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ITER

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ITER is a large international fusion experiment aimed at demonstrating the scientific and technological feasibility of fusion energy.

ITER (Latin for "the way") will play a critical role advancing the worldwide availability of energy from fusion — the power source of the sun and the stars.

To produce practical amounts of fusion power on earth, heavy forms of hydrogen are joined together at high temperature with an accompanying production of heat energy. The fuel must be held at a temperature of over 100 million degrees Celsius. At these high temperatures, the electrons are detached from the nuclei of the atoms, in a state of matter called plasma.

Chirping is welcome in birds but not in fusion devices – scientists show that weak turbulence makes chirping more likely

Birds do it and so do doughnut-shaped fusion facilities called “tokamaks.” But tokamak chirping— a rapidly changing frequency wave that can be far above what the human ear can detect — is hardly welcome to researchers who seek to bring the fusion that powers the sun and stars to Earth.  Such chirping signals a loss of heat that can slow fusion reactions, a loss that has long puzzled scientists.

Chirping is welcome in birds but not in fusion devices – scientists show that weak turbulence makes chirping more likely

Birds do it and so do doughnut-shaped fusion facilities called “tokamaks.” But tokamak chirping— a rapidly changing frequency wave that can be far above what the human ear can detect — is hardly welcome to researchers who seek to bring the fusion that powers the sun and stars to Earth.  Such chirping signals a loss of heat that can slow fusion reactions, a loss that has long puzzled scientists.

Smooth sailing: PPPL develops an integrated approach to understand how to better control instabilities in an international fusion device

A key goal for ITER, the international fusion device under construction in France, will be to produce 10 times more power than goes into it to heat the hot, charged plasma that sustains fusion reactions. Among the steps needed to reach that goal will be controlling instabilities called “neoclassical tearing modes” that can cause magnetic islands to grow in the plasma and shut down those reactions.

Smooth sailing: PPPL develops an integrated approach to understand how to better control instabilities in an international fusion device

A key goal for ITER, the international fusion device under construction in France, will be to produce 10 times more power than goes into it to heat the hot, charged plasma that sustains fusion reactions. Among the steps needed to reach that goal will be controlling instabilities called “neoclassical tearing modes” that can cause magnetic islands to grow in the plasma and shut down those reactions.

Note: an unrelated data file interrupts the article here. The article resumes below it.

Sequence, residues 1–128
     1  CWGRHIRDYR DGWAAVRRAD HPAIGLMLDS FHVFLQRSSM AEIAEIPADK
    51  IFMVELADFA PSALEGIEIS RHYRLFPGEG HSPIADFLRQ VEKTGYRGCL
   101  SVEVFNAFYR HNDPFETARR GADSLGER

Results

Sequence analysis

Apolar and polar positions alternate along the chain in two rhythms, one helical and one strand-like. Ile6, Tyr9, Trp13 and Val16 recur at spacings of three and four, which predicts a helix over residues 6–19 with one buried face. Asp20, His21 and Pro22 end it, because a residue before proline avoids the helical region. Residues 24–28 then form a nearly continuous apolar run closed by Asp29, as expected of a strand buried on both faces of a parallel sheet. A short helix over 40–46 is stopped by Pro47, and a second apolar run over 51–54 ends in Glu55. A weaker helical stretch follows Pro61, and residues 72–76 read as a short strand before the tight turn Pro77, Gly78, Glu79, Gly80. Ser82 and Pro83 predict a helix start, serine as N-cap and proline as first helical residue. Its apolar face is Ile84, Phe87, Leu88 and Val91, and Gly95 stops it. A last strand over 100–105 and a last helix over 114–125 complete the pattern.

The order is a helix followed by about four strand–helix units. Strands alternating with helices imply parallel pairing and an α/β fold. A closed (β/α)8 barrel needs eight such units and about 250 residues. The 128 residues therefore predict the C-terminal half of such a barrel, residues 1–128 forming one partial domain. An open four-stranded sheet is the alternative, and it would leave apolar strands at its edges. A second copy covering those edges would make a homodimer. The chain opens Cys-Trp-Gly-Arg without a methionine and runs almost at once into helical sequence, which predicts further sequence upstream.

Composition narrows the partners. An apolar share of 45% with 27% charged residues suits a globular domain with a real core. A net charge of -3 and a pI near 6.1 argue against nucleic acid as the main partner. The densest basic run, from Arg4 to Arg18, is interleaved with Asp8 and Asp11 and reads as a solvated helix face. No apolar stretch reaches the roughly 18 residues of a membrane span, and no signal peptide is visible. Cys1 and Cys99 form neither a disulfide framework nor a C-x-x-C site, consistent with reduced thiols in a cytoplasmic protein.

Two PPPL physicists, David Johnson and Charles Skinner, named ITER Scientist Fellows

David Johnson and Charles Skinner, principal research physicists at the U.S. Department of Energy’s Princeton Plasma Physics Laboratory (PPPL), have been appointed to three-year terms as ITER Scientist Fellows. They will join a network of internationally recognized researchers who will consult with ITER, the international fusion experiment under construction in France, on plans and components for the project, which is designed to demonstrate the practicality of fusion energy.

Two PPPL physicists, David Johnson and Charles Skinner, named ITER Scientist Fellows

David Johnson and Charles Skinner, principal research physicists at the U.S. Department of Energy’s Princeton Plasma Physics Laboratory (PPPL), have been appointed to three-year terms as ITER Scientist Fellows. They will join a network of internationally recognized researchers who will consult with ITER, the international fusion experiment under construction in France, on plans and components for the project, which is designed to demonstrate the practicality of fusion energy.

Ten stories in 2017 you may have missed, plus a bonus

Throughout 2017 researchers at the U.S. Department of Energy’s (DOE) Princeton Plasma Physics Laboratory (PPPL) have produced new insights into the science of fusion energy that powers the sun and stars and the physics of plasma, the hot, charged state of matter that consists of electrons and atomic nuclei, or ions, and makes up 99 percent of the visible universe. The research advances the development of fusion as a safe, clean and plentiful source of power, produced in doughnut-shaped facilities called tokamaks, and explores the diverse aspects and applications of plasma.

Artificial intelligence helps accelerate progress toward efficient fusion reactions

Before scientists can effectively capture and deploy fusion energy, they must learn to predict major disruptions that can halt fusion reactions and damage the walls of doughnut-shaped fusion devices called tokamaks. Timely prediction of disruptions, the sudden loss of control of the hot, charged plasma that fuels the reactions, will be vital to triggering steps to avoid or mitigate such large-scale events.

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